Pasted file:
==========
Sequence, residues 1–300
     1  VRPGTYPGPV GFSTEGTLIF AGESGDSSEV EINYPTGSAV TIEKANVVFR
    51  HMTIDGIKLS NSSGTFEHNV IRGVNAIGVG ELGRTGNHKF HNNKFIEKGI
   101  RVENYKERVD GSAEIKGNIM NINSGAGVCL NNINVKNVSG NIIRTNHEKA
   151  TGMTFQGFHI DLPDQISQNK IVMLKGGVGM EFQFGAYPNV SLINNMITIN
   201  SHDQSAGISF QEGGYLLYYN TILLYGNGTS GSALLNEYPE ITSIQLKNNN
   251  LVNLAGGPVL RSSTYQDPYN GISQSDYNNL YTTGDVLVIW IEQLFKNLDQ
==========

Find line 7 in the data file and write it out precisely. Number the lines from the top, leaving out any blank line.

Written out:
   251  LVNLAGGPVL RSSTYQDPYN GISQSDYNNL YTTGDVLVIW IEQLFKNLDQ